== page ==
Bill Baum – 25 Years a Bad Boy

They are now so much of a musical institution in Bonn that it’s hard to imagine a music scene here without Bill Baum and his partners in music The Bluesbenders. It was then, a mark of the respect Bill has gained from the Blues scene, that for his 25th Anniversary show at Bonn Harmonie, Bill was joined by a man nominated in three categories for this year’s International Blues Awards, Richie Arndt. It was guaranteed to be a good evening for Bonn Blues lovers.

Greeting Richie Arndt before the show I suddenly realised that the last time I saw him was for the ‘Rorymania’ show in 2008. It was good to hear later that Rory Gallagher’s music is still a part of both his life and his live set.

Like the G man, Arndt works in a trio set up. Unlike Rory though, who looked to the old Bluesmen for his cover songs, Arndt seems looks to more recent musicians for inspiration (although of course, this was, as support, of course not his full set). The deciding factor is music and lyrics that don’t, as Arndt points out, sound like something you’ve already heard ten times already that day on the radio.

Marc Cohn’s ‘Walking in Memphis’ certainly stood out when released in 1991. Richie Arndt’s version is somewhat funkier and slightly more up-tempo. Clearly, the songs work as inspiration for Arndt, and, rather than blindly copying, he adds his own stamp to this one as he does too for a more surprising choice – Gregory Porter’s ‘Musical Genocide’. Here, the lyrics are resonant for Arndt:

“This is not for me, I won’t let it be
No, musical genocide
Give me a blues song, tell the world what’s wrong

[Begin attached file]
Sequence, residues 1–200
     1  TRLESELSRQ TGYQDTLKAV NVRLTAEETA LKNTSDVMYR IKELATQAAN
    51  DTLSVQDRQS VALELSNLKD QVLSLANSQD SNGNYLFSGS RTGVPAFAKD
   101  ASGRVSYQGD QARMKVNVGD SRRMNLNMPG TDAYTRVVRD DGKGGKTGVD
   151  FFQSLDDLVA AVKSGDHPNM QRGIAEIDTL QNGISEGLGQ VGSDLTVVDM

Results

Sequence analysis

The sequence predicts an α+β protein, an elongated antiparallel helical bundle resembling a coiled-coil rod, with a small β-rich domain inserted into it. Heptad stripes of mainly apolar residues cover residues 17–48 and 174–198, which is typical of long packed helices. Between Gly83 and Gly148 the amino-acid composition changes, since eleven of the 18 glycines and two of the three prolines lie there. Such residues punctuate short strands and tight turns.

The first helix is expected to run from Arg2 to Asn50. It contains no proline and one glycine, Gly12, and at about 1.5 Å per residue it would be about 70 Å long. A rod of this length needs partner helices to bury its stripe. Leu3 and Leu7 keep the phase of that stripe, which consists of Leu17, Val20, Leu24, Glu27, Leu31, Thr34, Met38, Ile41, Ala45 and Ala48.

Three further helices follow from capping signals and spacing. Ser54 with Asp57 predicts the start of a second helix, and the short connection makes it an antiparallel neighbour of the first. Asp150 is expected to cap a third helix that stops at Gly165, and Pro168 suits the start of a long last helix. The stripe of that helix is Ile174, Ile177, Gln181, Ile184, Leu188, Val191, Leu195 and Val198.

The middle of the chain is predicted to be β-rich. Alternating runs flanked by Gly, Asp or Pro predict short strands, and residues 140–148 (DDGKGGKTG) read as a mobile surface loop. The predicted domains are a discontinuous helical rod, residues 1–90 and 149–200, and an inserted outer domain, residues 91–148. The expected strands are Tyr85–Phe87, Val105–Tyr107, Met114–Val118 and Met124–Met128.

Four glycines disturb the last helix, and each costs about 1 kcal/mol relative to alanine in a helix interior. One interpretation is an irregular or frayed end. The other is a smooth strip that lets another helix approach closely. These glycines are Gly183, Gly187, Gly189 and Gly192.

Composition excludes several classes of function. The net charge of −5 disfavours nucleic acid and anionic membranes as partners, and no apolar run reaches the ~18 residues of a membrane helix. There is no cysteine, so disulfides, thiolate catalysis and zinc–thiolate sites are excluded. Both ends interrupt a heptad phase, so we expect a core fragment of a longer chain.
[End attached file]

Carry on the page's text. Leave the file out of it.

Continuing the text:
And the gospel singer, giving those messages of love
Woah, and the soul man, with your heart in the palm of his hand
Singing his stories of love and pain.” – G. Porter

Traditional Blues lovers are not left out though with a new number, ‘Lonely Midnight Train’ sounding as smooth as the train itself at midnight might sound on the track. Oh, and of course, Rory wasn’t forgotten. It was great to hear an oldie but goodie here: ‘They don’t make ’em like you anymore’ with a smooth segue into ‘Laundromat’.

Richie Arndt mid-solo

A well deserved large round of applause for Arndt and his excellent rhythm section bassist Sascha Oeing, (from the Gregor Hilden and Kai Strauss Bands) and Peter Weissbarth on drums. Hopefully, Richie Arndt will be back here for a full set next year. In the meantime he’s visiting Memphis, Tennessee, next January as Germany’s representative in the International Blues Challenge where there will very likely be another award to add to 2018’s ‘German Blues Awards – Best Male Vocalist’ and ‘German Blues Challenge’ – Best Band.

With such a top-class support, Baum’s Bluesbenders were not making it easy for themselves after 25 years. Not that any sign of worry was visible on the face of Norfried (aka Bill) Baum or his band. From the original band, there is only Bill and Harp-maestro Uwe Placke remaining, but Rainer Wilke and Francis Holzapfel have so long been familiar sights on bass and drums respectively that they know each others every heartbeat – certainly every musical beat.

25 years young – Placke and Baum trade blues licks